Consumers are hungrier than ever for new products, proving innovation has never been as important. That’s why hotel chains such as Starwood Hotels & Resorts and Marriott Hotels & Resorts are investing time, resources and money into innovation labs — places where new ideas, and sometimes even wacky ones, are encouraged and welcome from everyone, including associates.
Across the industry, hoteliers are looking for unique and novel ways to spur future success. Innovation can take place with the simplest of ideas. For example, years ago Starwood Hotels became an industry leader by developing the Heavenly Bed concept. The hotel company took a basic hotel staple — a bed — and turned it into one of its most sought-after amenities. Years later, it took that simple premise and expanded it to its bathrooms with the launch of the Heavenly Bath. Undoubtedly, every hotel under the sun wishes it had been the first off the mark with those introductions.
Well, at a time of great change, how many innovations like that are being developed for future use? This month Hotelier highlights interesting innovations gaining attention (see p. 9).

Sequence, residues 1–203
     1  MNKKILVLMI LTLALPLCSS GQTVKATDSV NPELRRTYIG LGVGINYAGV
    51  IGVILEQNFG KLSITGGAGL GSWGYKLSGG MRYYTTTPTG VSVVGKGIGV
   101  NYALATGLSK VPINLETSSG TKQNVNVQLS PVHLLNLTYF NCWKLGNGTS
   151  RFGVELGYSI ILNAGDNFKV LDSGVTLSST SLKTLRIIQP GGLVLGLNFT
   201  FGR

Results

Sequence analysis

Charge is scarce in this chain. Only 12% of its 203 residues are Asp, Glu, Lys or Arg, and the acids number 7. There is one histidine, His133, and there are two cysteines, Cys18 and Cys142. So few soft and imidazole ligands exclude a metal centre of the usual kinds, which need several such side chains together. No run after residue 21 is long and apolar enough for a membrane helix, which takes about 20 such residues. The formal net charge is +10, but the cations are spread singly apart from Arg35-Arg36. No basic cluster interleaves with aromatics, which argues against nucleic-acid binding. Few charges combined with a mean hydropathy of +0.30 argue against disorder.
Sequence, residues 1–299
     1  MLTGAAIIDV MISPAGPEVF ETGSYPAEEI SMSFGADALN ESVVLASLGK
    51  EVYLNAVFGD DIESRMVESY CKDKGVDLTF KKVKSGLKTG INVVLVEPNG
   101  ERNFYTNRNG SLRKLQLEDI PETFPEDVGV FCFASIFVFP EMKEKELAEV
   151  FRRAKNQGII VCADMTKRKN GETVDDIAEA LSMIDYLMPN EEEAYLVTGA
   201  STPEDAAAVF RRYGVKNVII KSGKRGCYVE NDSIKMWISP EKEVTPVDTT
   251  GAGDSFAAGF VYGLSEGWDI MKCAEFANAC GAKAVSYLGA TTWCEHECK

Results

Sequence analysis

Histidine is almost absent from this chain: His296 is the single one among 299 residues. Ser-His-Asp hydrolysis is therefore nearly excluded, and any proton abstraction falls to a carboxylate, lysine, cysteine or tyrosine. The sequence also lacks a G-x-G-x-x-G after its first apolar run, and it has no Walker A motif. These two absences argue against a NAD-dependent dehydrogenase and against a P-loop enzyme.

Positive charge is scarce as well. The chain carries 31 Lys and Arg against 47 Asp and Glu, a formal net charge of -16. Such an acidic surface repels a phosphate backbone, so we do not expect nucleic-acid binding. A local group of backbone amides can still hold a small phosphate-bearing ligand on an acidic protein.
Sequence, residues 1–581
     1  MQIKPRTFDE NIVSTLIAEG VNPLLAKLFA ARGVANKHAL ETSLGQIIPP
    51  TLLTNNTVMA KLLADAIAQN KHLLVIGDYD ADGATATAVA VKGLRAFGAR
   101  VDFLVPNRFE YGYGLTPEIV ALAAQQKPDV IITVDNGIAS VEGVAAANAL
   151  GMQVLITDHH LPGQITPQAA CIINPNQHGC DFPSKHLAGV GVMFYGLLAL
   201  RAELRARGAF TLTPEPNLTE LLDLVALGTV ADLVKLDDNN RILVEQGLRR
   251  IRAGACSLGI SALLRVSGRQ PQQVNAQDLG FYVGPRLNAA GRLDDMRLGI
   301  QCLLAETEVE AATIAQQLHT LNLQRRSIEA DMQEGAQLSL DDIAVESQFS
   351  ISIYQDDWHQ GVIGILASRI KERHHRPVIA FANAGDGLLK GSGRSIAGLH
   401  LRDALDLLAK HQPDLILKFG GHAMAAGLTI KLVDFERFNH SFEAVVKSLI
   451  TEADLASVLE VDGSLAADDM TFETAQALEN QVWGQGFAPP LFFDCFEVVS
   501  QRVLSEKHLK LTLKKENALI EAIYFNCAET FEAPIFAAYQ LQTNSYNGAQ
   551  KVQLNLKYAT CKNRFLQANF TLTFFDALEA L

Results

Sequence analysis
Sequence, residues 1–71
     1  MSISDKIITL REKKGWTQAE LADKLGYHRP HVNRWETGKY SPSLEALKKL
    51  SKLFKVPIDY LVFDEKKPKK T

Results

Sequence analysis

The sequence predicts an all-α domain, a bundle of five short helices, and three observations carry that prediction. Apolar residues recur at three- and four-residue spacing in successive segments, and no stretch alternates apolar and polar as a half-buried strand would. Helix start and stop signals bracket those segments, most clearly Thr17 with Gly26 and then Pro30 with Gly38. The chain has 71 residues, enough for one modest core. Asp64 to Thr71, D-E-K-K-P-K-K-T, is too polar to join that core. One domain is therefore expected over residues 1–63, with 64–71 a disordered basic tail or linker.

Meanwhile, last month, I had the pleasure to meet and interview Bill Marriott, one of the hotel industry’s living legends (see story on p. 8). Certainly at 83 years old, Marriott has witnessed many of the biggest changes foisted on this industry. And, the company his father started in 1927 has been one of the industry’s leading change agents. One of the questions I asked Marriott during my interview was how he as a leader encourages innovation in his company? His answer was simple and succinct: “Take the ropes off.” Marriott went on to explain that you need to “have the freedom to explore,” citing his company’s one-million-sq.-ft. innovation lab called “The Underground” as a fun place, a stage of sorts, where the company can test ideas to determine new products and approaches.
Speaking of innovation, this month’s cover story features my interview from this spring’s Icons & Innovators breakfast series, featuring Zita Cobb, founder and innkeeper of Newfoundland’s Fogo Island Inn. Cobb has been nothing short of innovative, and inspirational, with the launch of her much acclaimed 29-suite property in the northeastern-most reaches of Canada. Her journey (see story on p. 10) speaks to determination, perseverance and above all innovation. More than anything, Marriott, Cobb and others like them prove that by pushing the boundaries, or as Marriott says, “taking the ropes off,” we can chart new directions for growth as well as approaches and opportunities never imagined. And, to think, it all starts with the germ of an idea.
Volume 27, Number 4